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What We Really Do All Day: Insights from the Centre for Time Use Research (Pelican Books)

3.15  ·  Rating details ·  40 ratings  ·  7 reviews

How has the way we spend our time changed over the last fifty years?
Are we really working more, sleeping less and addicted to our phones?
What does this mean for our health, wealth and happiness?

Everything we do happens in time and it feels like our lives are busier than ever before. Yet a detailed look at our daily activities reveals some surprising truths about the social

Kindle Edition, 355 pages
Published June 27th 2019 by Pelican
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Jun 26, 2020 rated it really liked it
Shelves: health, women
The Centre for Time Use Research at University College, London, has provided an analysis here of comparisons over time, by gender and by social background, of time use, based on a series of detailed diary surveys, including some early ones by the BBC. From the 1980s these diary surveys were funded by the research councils and are seen as more objective than surveys based on respondents’ recollections of how much time they spend on tasks. Comparisons over time are particularly hard to gather, and ...more
George Dean
Apr 27, 2020 rated it it was ok
I've had this book on my shelf since last year, and I figured now would be a good time to read it since most of us have nothing BUT time right now. Plus, I want to read more non-fiction, and it just sounded interesting, which is why I picked it up to begin with. I really like the idea of this book, and thought it was going to be a nice informed exploration of the way we structure our days and how that's changed over the past few decades, and don't get me wrong, it definitely is, but that's ALL i ...more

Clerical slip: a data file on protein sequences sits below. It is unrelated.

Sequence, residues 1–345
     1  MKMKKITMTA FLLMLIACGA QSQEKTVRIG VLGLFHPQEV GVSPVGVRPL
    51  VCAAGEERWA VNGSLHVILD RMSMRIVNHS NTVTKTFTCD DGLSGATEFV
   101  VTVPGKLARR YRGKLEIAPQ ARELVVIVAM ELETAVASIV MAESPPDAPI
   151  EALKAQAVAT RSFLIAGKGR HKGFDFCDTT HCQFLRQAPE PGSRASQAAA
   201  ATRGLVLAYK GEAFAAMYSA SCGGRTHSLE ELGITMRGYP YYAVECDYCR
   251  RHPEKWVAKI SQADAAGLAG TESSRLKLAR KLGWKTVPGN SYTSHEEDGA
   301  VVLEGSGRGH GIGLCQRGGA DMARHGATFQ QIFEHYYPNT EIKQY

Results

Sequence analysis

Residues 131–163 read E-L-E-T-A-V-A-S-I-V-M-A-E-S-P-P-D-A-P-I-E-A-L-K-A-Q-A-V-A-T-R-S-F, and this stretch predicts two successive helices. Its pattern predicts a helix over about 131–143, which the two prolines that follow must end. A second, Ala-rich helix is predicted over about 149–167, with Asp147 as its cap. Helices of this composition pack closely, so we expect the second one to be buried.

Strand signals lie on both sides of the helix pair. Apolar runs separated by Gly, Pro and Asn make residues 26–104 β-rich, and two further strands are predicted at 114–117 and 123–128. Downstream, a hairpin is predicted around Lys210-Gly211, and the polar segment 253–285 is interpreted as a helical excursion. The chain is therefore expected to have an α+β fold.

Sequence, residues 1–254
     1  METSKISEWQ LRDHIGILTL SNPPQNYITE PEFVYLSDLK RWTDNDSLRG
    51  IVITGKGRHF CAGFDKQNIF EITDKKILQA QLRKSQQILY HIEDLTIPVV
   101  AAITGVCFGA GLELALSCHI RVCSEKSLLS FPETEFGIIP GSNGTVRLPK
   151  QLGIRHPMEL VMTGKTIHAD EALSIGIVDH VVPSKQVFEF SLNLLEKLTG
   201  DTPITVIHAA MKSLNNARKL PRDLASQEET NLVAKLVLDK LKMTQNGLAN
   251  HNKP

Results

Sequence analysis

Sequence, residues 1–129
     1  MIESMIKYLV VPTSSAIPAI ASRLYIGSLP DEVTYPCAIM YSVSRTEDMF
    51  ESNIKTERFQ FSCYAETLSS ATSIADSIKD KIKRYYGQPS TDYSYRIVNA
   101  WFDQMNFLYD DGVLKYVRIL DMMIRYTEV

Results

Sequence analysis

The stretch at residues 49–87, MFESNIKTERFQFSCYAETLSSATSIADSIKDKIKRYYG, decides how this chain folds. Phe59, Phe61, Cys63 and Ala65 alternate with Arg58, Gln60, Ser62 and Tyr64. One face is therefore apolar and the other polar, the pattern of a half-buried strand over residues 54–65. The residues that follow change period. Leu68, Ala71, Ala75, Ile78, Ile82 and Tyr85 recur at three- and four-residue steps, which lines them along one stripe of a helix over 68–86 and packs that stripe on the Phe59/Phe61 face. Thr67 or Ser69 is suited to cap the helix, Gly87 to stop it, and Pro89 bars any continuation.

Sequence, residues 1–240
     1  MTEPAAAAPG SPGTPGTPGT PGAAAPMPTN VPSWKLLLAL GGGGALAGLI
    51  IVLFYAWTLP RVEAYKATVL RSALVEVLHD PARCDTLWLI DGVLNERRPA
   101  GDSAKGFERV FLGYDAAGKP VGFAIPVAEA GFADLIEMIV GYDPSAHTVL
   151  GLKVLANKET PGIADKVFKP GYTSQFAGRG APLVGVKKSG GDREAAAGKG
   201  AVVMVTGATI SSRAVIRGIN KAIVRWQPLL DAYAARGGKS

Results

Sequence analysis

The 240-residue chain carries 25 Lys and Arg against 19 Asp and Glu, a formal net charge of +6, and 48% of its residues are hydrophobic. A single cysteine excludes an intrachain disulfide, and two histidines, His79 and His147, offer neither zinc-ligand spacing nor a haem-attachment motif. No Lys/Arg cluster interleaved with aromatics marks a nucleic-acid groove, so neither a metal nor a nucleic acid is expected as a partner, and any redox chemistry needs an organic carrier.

Jen Well-Steered
Turns out you've got more leisure time and you're working A LOT less than you would have done in the 1960s or 1980s. And yet we're constantly 'busy' and 'stressed.' Why? First, influential people use busyness as virtue-signaling. Second, economic precariousness. ...more
Oct 11, 2019 rated it really liked it
A good book for research references. They go through time use research and discuss change over the last century by categories and by age, gender and socioeconomic class. It is quite helpful as many stats are being used in other types of research, definitely references to this within feminist literature.

Good to see time use data in context.

One thing that I did find annoying was what seemed inconsistent ideas of what differences are considered small or big. Such as children spending 1/3 of their p
Aug 26, 2020 rated it it was ok
I'm quite disappointed by "What we really do all day".

Yes, the book does answer the question. Yes, it's what I should have expected.

I guess finding myself looking at graphs and reading explanations of those wasn't enough. I would have loved a more sociologistic approach to an explanation of the phenomenona highlighted throughout the book.

I ended up being quite bored and overwhelmed with numbers and statistics, and too little exploration of the causes and factors.

Also, I felt the chapters on t
Jan 20, 2021 rated it it was ok
Some interesting insights, but full of academic waffle. With better editing, this book could be half the length and much better for it. Also, and unforgivably for a book based on academic research, there are frequent errors in the labelling of the charts and graphs.
Dec 01, 2020 rated it it was ok
One long, verbose essay.
Some interesting findings, but most of these could have been summarised in far fewer words, allowing for some more space for meaningful reflection.
Nothing mind blowing here.
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